“Although the relationship between legal adult recreational use and youth use is not well understood, two possible reasons for the observed decline in youth use include reduction of illicit market supply through competition and loss of novelty appeal among youths,” according to the study. “Furthermore, it would be important to monitor the long-term role legalization might play to foster a permissive use environment given observed strong associations with use and individual and family factors that influence youth use.”
Study finds marijuana legalization doesn’t lead to increased crime
A federally funded study published in Justice Quarterly found that violent and property crime rates in Colorado and Washington did not increase after recreational marijuana was legalized. The crime rates stayed close to the average of other states where adult-use cannabis isn’t legal. Plus, since Washington legalized marijuana, burglary rates have actually declined more sharply than in states that haven’t legalized.
“Our results suggest that marijuana legalization and sales have had minimal to no effect on major crimes in Colorado or Washington,” according to researchers. “We observed no statistically significant long-term effects of recreational cannabis laws or the initiation of retail sales on violent or property crime rates in these states.”
Researchers looked at crime rates in Colorado and Washington from 1999 to 2016 and compared the data to 21 non-legal states. The study used crime statistics from the FBI.
“As the nationwide debate about legalization, the federal classification of cannabis under the Controlled Substances Act, and the consequences of legalization for crime continues, it is essential to center that discussion on studies that use contextualized and robust research designs with as few limitations as possible,” said Dale Willits, one of the study’s co-authors. “This is but one study and legalization of marijuana is still relatively new, but by replicating our findings, policymakers can answer the question of how legalization affects crime.”
Colorado is launching a new social equity program for cannabis business licenses in 2020. The new licenses will be reserved for low-income demographics and are meant to increase diversity in the cannabis industry, while also providing opportunity for businesses that may not have access to traditional funding and training.
The program is part of an overhaul of the state’s medical and recreational marijuana regulations under Senate Bill 224, which was signed into law earlier this year. Known as micro licenses, the new permits will be limited to applicants from low-income areas identified by the Colorado Office of Economic Development and International Trade.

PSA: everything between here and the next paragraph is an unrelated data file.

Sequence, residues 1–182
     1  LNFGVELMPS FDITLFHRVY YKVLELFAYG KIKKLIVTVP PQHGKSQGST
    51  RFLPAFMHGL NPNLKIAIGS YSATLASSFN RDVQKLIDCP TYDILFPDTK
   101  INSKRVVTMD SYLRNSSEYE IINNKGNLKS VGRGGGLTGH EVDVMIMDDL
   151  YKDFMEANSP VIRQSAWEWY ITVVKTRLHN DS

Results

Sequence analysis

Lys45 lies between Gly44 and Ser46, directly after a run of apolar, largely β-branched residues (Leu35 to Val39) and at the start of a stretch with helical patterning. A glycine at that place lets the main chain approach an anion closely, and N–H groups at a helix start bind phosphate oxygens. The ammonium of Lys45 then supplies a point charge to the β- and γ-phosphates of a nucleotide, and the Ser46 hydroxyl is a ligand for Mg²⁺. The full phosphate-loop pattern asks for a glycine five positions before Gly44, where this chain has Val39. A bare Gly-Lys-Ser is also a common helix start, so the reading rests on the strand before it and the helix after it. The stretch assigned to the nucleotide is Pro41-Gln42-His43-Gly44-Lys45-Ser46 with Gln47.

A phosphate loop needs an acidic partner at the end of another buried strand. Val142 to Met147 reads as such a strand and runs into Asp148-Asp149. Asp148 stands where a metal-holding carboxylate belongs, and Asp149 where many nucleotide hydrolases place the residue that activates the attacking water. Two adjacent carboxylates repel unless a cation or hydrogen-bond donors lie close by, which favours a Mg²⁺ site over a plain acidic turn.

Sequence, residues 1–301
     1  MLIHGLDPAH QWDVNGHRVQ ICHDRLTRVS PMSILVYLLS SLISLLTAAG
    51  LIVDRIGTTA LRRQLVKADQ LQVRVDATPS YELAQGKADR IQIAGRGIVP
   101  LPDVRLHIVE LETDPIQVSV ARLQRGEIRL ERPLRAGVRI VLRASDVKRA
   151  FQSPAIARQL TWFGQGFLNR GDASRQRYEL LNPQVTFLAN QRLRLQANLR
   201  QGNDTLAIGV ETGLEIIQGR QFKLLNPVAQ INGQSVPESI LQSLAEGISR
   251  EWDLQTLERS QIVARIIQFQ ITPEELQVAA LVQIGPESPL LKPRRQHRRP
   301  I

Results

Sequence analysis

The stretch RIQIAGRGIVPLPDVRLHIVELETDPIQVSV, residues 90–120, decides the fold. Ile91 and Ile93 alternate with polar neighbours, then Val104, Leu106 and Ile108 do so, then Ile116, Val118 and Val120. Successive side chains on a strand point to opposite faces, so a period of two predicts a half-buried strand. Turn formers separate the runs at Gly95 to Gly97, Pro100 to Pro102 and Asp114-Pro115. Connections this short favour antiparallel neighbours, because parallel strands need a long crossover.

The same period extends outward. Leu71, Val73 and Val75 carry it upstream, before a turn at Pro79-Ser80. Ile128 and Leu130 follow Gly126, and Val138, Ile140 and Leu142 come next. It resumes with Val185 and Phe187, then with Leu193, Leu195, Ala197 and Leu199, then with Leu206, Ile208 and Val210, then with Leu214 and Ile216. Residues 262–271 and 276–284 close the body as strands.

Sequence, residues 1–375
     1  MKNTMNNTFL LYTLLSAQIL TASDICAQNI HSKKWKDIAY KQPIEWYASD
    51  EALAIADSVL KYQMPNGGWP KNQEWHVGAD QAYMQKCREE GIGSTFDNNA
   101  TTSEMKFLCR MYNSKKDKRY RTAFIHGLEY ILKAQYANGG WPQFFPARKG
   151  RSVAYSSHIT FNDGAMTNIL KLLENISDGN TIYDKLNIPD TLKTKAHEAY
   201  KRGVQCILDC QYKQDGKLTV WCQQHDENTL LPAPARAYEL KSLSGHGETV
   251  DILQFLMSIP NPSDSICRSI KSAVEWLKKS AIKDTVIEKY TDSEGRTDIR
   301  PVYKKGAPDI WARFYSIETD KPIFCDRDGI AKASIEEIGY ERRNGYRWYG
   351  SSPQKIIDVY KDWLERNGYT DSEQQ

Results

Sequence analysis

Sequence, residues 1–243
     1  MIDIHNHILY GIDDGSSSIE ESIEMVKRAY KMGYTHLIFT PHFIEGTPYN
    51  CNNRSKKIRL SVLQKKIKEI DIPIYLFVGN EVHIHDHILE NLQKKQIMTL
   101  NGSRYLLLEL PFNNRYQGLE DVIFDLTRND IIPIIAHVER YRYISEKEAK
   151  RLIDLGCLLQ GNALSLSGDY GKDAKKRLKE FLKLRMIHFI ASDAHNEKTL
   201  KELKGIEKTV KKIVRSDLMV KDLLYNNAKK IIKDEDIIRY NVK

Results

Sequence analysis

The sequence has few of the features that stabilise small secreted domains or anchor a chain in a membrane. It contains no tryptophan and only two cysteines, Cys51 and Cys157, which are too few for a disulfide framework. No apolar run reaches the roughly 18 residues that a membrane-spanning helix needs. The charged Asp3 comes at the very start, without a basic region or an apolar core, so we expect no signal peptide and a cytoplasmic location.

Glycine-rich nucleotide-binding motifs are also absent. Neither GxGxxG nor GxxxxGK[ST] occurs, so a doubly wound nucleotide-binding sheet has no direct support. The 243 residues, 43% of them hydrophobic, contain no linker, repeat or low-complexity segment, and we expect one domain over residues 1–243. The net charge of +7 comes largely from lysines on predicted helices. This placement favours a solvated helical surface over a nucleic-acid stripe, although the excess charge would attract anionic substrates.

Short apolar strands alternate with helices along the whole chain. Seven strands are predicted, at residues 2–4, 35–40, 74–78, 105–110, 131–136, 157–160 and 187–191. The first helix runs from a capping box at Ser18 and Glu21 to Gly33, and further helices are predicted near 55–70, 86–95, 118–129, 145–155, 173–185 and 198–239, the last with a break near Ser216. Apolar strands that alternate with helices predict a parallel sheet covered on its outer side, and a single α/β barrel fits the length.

New businesses granted one of these micro licenses would be required to use the facilities of established marijuana companies as they research and manufacture their own cannabis products. Licensees would be allowed to cultivate, extract, and manufacture infused products, but would not be able to operate dispensaries.
The Marijuana Enforcement Division (MED) met earlier this month to establish the criteria for applicants.
“People from around the world look to us as an example on how to do things right,” MED director Jim Burack said. “What exactly is this relationship between endorser and accelerator? How do we ensure this business relationship is mutually beneficial?”
While the program is meant to increase diversity in the cannabis industry, marijuana lobbyist Shawn Coleman, who helped write define the new licenses explained, “If you’re white and you grew up in a trailer and your dad went to jail for ten years for selling meth, I can see why you’d think you’d be fit for this. This isn’t exclusive to any certain group.”
Getting established cannabis companies to participate is part of the challenge of the new social equity program. While the details are still being finalized, some of the potential incentives include reduced licensing fees, excise-tax credits, and giving priority designation for licensing transfers and updates.
Alaskan capital says yes to on-site marijuana edible consumption, outdoor cannabis smoking areas
A city ordinance passed by the Juneau Assembly will allow customers to consume cannabis edibles inside licensed dispensaries as well as smoke in designated outdoor areas. The ordinance was approved 6-2, and an amendment that would have allowed only vaping in outdoor smoking areas failed.
Local cannabis business owner John Nemeth approved of the Assembly’s decision.
“This is a great step in the right direction,” Nemeth said. “It’s something we never thought we’d see here in Juneau and it’s giving people a safe place to consume.”
Medical marijuana could hit shelves in Louisiana next week
It’s been four years since Louisiana lawmakers legalized medical marijuana, and next week patients could finally have access to therapeutic cannabis.
“If there are no problems, no contamination, and we don’t expect any, then hopefully by the end of the week or early next week, there will be products moving to the market. That’s kind of the timetable,” said Louisiana Agriculture Commissioner Mike Strain.
Only cannabis grown at Louisiana State University and Southern University is authorized for use in the state’s medical-marijuana program, and nine pharmacies will dispense cannabis in liquid form. Patients can use liquid cannabis applied as drops under the tongue, or into an inhaler. Louisiana also plans to allow patients access to cannabis oils, pills, and topical applications.
Oklahoma dispensary owners sue Facebook